Fighting for civil rights doesn’t always mean one has to be loud or obnoxious, but it does take a lot of heart, empathy and stamina. This explains why San Juana Olivares has stayed the course to see justice for her people.
But her story begins in Matamoros, Tamaulipas, Mexico in 1984. When Juana Margarita was only six months old, a doctor told her mother that the child would not survive the night. She was battling a severe case of bronchitis.Like many Mexican mothers, Ana Maria prayed to Our Lady of San Juan de los Lagos to intercede to God on behalf of her daughter’s life. She promised that she would change the baby’s name in the Virgencita’s honor if her baby lived.
So it seems San Juana Margarita has been a fighter from an early age. She began fighting for civil rights at age nine while in Oklahoma in 1993.
“I had been bullied because I was a nine-year-old in kindergarten for not knowing how to speak English,” said Olivares, who is the president of the Genesee County Hispanic/Latino Collaborative (GCHLC). “What I had not realized was that all the new Latino kids were being bullied for not knowing how to speak English. I made a promise to myself that I would succeed and learn English as fast as I could. In two weeks, I learned how to read in English and was moved to the grade I was supposed to be in originally.”
From then on, Olivares became the interpreter for not only her mother, but also her mother’s friends after they migrated north to Flint, Michigan in 1994. She saw how the undocumented and monolingual community was blatantly treated differently. She helped in medical translations, Department of Human Services appointments and parent-teacher conferences. Olivares says she did this until she was old enough to find resources for her people.
Then, in mid-2015, like many Flint residents, Olivares received a letter from the City of Flint regarding lead in the water. She began asking Spanish-speaking families what they knew about the crisis that would draw worldwide attention. Most of the undocumented community didn’t understand or have any knowledge of what was happening.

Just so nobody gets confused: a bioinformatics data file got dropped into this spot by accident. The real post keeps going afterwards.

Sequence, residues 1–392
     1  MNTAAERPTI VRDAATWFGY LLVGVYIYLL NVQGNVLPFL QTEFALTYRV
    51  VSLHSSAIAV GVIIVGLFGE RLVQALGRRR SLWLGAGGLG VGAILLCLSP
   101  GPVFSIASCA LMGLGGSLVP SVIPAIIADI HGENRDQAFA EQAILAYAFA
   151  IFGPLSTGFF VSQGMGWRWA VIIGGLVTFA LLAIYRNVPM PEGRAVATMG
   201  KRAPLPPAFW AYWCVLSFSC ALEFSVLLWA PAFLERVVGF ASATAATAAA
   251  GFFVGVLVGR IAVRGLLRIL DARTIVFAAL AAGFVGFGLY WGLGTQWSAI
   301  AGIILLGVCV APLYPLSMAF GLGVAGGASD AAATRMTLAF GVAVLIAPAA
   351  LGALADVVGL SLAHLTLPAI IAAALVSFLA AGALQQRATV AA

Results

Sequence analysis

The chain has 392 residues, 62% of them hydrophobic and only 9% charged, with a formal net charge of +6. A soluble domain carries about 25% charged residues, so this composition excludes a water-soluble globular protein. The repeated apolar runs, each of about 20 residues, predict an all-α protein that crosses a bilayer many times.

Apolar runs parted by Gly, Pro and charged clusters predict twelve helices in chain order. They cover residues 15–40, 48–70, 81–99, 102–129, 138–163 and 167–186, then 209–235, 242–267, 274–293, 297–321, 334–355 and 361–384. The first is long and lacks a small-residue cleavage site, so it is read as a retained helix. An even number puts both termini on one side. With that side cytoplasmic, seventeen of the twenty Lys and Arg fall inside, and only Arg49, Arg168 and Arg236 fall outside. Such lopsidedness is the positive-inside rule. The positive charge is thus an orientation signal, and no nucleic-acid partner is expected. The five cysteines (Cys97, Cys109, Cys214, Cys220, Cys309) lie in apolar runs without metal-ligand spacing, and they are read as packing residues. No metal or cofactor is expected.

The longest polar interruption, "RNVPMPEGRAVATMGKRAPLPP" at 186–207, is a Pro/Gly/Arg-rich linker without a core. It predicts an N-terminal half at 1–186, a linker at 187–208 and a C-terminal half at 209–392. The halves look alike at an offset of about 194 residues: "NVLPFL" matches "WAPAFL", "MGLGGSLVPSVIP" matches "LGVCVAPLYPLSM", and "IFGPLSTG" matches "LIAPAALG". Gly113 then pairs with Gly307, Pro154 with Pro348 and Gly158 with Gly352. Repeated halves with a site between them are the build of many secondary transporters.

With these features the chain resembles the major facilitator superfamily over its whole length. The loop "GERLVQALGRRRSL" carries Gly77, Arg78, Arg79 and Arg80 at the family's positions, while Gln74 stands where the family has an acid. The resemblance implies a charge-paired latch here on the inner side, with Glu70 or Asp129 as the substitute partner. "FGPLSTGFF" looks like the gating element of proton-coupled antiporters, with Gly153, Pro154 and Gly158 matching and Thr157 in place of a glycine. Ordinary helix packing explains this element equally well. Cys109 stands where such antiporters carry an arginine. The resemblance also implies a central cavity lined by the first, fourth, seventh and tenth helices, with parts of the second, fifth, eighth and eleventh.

The resources that were initially made available required a valid ID or license, which obviously is impossible for the undocumented. Olivares began to lead efforts to find clean water for her people.She also began speaking with local, state and federal government officials and national organizations. In 2016, the people of Flint were pleading for their basic human right of water.
“We starting canvassing the east side of Flint, where most of the Hispanic/Latino people live,” explained Olivares. “We began accepting water donations, finding information on lead because most of our families believed erroneously that by boiling water it would help since they thought that it was bacteria making the water bad.”
Olivares was called to Washington D.C. several times to speak to congressmen and senators about how nothing was translated into Spanish or any other language.
It’s been a rough road for Olivares, especially during the last election, yet she and her family have persevered. And this past December, her mother Ana Maria had to visit another basilica of Our Lady of San Juan de los Lagos – this one in San Juan, Tejas – because she had to pay homage to her Lady when San Juana and her family obtained their legal residency in the United States in May of 2016. The Flint community has been blessed to have San Juana Margarita within their midst.